It is almost July, and it is hard to believe we are halfway through a very challenging 2020, unlike any year we’ve ever encountered. Plans are cautiously and thoughtfully coming together for the next academic year. While our research labs continue to operate – often remotely and performing critical experiments, we are gearing up for the careful return of faculty, staff, trainees and later, education programs for our students. Our clinical cancer researchers, clinical oncologists and medical staff continue their heroic work and manage their risks conscientiously – proving that it can be done! COVID-19 remains serious and protective measures must be followed. At the cancer center, we continue to assist at all levels – with open shared resources, a backup supply of face shields for use during lab training efforts, support for online conferences and course efforts and, as always, support for multi-investigator grant preparation and submission. Just ask!
The National Cancer Institute (NCI) continues to offer flexibility in adjusting grants fund utilization (including training grants) and has a number of RFAs for additional support and supplements for COVID research. Please take advantage of these opportunities, it will pay off for your efforts in the future! We may also hear of supplement funds for lab-restart costs - we will let you know!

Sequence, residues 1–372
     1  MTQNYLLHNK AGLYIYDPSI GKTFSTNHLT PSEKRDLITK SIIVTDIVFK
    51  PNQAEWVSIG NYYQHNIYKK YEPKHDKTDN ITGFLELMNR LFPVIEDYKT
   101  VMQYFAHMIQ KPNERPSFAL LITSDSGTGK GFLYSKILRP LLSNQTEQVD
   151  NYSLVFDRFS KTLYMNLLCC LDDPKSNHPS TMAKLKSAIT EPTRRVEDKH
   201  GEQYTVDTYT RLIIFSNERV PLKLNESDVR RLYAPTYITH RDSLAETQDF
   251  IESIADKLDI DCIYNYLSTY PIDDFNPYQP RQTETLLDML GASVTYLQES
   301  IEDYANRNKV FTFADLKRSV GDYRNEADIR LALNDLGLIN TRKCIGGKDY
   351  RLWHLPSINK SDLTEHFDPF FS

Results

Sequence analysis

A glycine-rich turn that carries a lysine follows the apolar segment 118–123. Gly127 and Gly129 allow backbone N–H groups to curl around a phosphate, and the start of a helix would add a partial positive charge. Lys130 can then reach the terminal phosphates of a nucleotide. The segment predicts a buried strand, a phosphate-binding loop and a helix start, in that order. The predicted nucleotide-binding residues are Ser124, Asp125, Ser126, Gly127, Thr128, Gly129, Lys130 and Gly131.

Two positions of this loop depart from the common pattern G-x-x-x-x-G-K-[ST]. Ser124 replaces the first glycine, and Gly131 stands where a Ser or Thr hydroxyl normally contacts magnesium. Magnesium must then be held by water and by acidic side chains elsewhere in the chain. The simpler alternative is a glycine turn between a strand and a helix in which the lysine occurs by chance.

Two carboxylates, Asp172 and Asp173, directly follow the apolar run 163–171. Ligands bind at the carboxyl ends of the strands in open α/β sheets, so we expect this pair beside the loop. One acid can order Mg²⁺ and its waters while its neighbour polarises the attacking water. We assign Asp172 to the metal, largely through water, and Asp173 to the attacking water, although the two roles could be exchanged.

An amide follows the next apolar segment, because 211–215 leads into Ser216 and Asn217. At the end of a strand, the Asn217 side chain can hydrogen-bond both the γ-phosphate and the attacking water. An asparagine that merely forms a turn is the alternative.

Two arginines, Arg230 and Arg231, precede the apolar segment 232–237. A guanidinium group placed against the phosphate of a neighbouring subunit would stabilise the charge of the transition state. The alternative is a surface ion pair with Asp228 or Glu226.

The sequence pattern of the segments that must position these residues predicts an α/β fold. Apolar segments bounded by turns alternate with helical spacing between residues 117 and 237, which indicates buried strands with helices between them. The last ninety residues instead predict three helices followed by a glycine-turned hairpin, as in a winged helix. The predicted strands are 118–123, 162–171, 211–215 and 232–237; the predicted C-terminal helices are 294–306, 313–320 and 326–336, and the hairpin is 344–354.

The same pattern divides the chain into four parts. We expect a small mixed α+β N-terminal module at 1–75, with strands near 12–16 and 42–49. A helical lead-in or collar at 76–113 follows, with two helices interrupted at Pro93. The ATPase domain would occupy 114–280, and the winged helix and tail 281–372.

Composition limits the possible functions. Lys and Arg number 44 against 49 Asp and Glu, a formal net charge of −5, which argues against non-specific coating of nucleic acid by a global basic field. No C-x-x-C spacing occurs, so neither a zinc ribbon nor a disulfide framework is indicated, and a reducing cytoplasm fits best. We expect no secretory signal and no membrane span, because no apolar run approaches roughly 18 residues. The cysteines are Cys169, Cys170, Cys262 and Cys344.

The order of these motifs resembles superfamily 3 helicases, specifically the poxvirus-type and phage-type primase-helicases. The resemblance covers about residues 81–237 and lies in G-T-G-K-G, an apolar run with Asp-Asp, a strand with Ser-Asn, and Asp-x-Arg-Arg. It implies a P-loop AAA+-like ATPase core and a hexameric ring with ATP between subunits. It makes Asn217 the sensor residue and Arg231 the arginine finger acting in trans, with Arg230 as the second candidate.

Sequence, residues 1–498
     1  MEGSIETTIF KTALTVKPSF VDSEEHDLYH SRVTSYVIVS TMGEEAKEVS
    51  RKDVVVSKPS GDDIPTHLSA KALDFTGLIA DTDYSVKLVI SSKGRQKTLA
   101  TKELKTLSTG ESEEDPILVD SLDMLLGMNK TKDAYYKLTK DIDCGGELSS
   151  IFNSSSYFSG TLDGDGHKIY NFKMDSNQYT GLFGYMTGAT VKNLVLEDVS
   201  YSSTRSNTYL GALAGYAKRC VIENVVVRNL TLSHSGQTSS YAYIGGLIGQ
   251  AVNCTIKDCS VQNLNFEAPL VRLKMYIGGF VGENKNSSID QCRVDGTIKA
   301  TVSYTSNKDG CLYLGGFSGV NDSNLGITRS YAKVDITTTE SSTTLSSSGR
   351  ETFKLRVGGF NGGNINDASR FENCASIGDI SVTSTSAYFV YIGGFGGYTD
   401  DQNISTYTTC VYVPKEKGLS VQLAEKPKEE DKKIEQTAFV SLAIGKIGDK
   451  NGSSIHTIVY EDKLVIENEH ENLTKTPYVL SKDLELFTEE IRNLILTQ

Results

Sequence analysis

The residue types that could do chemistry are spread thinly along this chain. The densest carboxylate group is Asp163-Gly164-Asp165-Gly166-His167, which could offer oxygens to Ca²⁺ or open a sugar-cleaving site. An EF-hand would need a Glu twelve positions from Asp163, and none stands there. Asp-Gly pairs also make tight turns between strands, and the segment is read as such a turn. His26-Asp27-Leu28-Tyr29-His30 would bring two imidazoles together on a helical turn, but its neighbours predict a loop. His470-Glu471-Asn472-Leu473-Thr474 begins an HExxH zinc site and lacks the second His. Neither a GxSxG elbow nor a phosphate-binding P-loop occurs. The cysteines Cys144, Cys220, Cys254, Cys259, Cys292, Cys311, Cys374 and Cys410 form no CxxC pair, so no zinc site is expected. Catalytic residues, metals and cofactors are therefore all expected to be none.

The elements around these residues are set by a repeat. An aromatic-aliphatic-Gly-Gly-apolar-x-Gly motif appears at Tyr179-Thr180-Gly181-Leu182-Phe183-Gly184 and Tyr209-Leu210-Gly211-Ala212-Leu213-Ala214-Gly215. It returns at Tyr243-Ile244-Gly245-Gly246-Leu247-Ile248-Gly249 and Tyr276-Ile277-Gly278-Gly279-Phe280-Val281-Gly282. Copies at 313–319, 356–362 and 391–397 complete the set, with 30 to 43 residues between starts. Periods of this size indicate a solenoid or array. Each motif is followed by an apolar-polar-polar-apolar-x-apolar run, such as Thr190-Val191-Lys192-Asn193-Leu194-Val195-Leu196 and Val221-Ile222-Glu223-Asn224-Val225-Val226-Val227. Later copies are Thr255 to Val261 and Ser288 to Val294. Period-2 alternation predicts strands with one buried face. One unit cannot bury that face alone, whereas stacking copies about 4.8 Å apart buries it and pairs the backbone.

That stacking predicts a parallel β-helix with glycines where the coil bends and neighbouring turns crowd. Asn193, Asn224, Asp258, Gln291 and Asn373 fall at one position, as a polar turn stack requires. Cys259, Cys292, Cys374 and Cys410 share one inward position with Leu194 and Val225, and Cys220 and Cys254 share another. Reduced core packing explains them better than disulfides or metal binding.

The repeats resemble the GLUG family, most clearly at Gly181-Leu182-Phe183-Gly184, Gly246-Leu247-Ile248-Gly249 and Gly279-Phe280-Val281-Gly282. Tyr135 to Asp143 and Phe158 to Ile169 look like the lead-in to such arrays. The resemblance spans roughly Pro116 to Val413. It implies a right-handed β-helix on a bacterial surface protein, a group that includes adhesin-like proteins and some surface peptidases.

Yesterday, in my web conference with Dr. Anthony Fauci and all NCI-designated cancer center directors in the country, Dr. Fauci made the following points:
- The cascade of a surge in cases across the country will, by fall, result in 5-20% exposure with variable levels of herd immunity which is not effective until it hits 70%, but will modulate downward the rate of a subsequent surge.
- Treatments are improving outcomes modestly.
- Masks are a must and are the most effective strategy at all times, with distance only complementing, not replacing, masks.
- Completely asymptomatic individuals have the same viral load as those who become sick, making it difficult to use a surveillance questionnaire with efficacy.
- Multiple vaccine options are coming and about 100,000 individuals will receive vaccinations by December under clinical trials. Before the FDA can release a vaccine, it needs to be shown to be safe, the major risk is enhancement of the immune response with a partially effective vaccine which could result in worse symptoms.
- T-cell immunity may explain why antibody levels are not the best predictor of protection after infection.
- Acalibrutinib may be effective in ameliorating the cytokine storm, in a study from NCI.
- The NIH COVID-19 treatment guidelines are updated weekly.
To underscore the resilience of our research community, I wanted to share a few stories of members who adapted their research activities in response to the COVID-19 pandemic. I also invite you to continue to share your thoughts and experiences with us – information can be found below. the stories.
Stan Gerson, MD
Director, Case Comprehensive Cancer Center